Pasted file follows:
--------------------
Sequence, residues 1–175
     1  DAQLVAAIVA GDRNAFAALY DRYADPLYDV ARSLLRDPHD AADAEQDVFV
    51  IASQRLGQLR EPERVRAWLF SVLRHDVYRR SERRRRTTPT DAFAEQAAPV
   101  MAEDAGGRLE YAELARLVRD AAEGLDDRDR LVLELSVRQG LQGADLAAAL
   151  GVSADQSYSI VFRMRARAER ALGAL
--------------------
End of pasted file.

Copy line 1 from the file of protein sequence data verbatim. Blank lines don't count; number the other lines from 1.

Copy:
Sequence, residues 1–175